Supplies of mangos coming into North America currently are steady.
At Mission Produce, the mango program is ramping up for the start of the Brazil harvest as it transitions from Mexico’s season. “The size curve in Mexico is historically skewed towards jumbo mangos while Brazil typically has regular sizing,” says Patrick Dueire, director of mangos with Oxnard, CA-based Mission Produce. “Quality remains high and supply is steady.”
Currently, Mission is moving Keitt, Tommy Atkins and Palmer varieties of mangos and it is also preparing for South America’s season which will supply Honey, Kent and Keitt varieties of mangos. Good volume and high quality is anticipated to continue from Brazil.
So far this season, Mexico has shipped 69.4 million boxes of mangos. Photo: National Mango Board.
From Mexico, Jessica Bohlman of the Orlando, FL-based National Mango Board (NMB) notes that the Mexican season, which began the first week of January and continues through the first week of October, projects 78 million boxes, about the same year over year. “Mexico is shipping mainly from South Sinaloa and North Sinaloa at this time. So far for the season, Mexico has shipped 69.4 million boxes,” she says.
On varieties, Mexico’s main varieties are Tommy Atkins (40 percent), Honey/Ataulfo (27 percent), Kent (19 percent), Keitt (11 percent) and others (3 percent) for the entire season.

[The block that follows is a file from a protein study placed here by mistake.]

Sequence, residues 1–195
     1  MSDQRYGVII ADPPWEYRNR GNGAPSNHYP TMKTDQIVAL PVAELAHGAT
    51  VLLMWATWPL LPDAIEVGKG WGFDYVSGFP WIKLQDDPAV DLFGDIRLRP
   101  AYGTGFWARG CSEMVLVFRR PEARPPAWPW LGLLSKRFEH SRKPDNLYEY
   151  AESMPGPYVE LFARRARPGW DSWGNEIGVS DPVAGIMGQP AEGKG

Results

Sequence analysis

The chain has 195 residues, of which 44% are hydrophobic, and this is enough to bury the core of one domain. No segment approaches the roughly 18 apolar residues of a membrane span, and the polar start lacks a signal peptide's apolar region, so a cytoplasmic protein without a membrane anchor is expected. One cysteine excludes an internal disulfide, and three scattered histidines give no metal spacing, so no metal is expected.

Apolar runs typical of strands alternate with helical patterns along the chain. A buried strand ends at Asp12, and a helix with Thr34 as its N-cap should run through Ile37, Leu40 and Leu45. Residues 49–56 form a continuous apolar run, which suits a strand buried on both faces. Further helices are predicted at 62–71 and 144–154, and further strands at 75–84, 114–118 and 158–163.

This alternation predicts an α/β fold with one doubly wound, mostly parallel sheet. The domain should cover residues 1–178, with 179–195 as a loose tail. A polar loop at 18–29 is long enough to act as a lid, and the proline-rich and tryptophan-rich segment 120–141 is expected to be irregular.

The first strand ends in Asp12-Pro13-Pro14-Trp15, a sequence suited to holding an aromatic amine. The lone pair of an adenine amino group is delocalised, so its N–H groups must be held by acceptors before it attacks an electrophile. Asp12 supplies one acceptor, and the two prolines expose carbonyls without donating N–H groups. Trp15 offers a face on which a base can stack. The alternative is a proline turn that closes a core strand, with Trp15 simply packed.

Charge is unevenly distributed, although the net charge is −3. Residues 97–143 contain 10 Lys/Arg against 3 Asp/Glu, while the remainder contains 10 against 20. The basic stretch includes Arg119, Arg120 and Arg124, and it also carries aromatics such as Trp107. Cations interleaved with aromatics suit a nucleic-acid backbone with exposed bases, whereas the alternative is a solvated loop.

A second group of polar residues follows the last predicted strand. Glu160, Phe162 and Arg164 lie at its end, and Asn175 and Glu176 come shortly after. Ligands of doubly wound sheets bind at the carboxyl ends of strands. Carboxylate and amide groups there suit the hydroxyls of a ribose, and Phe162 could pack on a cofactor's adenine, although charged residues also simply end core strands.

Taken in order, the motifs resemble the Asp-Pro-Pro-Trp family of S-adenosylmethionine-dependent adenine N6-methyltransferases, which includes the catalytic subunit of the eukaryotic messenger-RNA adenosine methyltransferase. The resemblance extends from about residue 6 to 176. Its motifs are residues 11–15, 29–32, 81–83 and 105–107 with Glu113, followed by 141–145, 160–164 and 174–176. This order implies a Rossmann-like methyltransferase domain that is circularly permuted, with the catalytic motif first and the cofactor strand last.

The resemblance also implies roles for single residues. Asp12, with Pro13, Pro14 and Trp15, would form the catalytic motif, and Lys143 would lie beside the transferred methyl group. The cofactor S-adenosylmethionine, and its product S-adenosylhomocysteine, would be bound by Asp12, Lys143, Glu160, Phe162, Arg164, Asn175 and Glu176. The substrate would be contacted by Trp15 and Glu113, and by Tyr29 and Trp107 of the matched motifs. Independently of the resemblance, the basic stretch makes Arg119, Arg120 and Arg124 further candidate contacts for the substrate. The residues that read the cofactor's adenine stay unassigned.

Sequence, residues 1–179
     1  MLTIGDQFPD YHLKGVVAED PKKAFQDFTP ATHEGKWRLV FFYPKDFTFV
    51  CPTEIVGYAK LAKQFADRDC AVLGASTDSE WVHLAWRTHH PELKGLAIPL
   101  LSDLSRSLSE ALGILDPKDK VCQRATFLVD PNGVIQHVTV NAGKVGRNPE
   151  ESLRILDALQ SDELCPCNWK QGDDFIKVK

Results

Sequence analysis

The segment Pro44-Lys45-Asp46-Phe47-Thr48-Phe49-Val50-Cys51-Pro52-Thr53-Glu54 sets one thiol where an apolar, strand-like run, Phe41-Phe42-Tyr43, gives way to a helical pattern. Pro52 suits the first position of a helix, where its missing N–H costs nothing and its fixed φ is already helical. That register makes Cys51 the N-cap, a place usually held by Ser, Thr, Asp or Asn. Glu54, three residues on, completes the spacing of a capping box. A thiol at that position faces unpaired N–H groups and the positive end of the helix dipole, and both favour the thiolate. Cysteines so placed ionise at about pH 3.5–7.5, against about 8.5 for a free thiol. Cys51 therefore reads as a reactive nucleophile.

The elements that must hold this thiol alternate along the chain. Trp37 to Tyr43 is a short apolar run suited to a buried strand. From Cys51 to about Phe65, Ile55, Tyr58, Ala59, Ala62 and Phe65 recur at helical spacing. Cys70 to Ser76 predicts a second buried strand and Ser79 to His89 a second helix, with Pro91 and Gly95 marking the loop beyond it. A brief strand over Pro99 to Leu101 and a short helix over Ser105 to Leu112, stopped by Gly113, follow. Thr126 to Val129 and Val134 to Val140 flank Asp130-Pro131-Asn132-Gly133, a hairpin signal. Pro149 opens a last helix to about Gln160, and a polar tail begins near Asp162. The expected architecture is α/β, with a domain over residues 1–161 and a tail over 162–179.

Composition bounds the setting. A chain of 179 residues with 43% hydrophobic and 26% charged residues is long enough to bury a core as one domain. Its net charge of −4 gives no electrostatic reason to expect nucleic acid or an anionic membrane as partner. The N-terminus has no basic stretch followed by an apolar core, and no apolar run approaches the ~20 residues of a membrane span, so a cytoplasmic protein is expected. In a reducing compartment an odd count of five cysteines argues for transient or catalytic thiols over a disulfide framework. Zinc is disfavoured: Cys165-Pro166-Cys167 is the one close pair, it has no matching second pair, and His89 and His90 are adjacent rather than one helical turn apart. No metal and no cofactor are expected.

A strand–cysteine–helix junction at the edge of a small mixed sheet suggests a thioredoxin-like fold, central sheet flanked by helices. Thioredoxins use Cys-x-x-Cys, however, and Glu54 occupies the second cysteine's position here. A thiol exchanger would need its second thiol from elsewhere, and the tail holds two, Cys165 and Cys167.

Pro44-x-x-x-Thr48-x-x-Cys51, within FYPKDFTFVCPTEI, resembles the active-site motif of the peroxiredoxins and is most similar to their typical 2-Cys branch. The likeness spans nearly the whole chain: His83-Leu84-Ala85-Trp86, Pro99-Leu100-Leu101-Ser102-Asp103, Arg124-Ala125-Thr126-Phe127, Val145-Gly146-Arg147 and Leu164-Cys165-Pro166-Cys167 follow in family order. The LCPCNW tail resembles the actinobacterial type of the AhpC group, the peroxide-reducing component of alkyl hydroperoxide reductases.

Increasing interest in mangoes
Meanwhile on demand, it is strong for mangos, particularly from the Southern region and the West Coast says Dueire. “Historically every year consumption increases,” he says. “Consumers continue to learn more about the flavor and health benefits of mangos while we work to ripen and provide high-quality fruit and ensure an excellent eating experience.”
He also touches on the evolution that’s being seen in selling mangos today. “Selling mangos is about selling the flavor and experience– not the commodity. Retailers used to sell them hard, but ripe mangos are what the consumer wants. By providing a ripe mango program, Mission is able to promote a positive development in demand for mangos,” he says.
Left: Patrick Dueire; right: a box of mangoes from Mission's recently introduced mango program.
As for pricing, industry pricing on mangos is higher this year than last year. “They have increased week over week for the last three weeks,” says Dueire.
What remains a challenge though for mangos, and many other commodities, are global supply chain issues. “An industry-wide global logistic challenge is the lack of availability of containers in South America, causing inevitable delays across all commodities,” he says. “We’re also still addressing and adapting to evolving situations and restrictions caused by the pandemic. However, thanks to our global network and vertical integration, we’re providing ample supply to meet demand.”
Looking ahead, the Peruvian mango season is anticipated to start in approximately three months.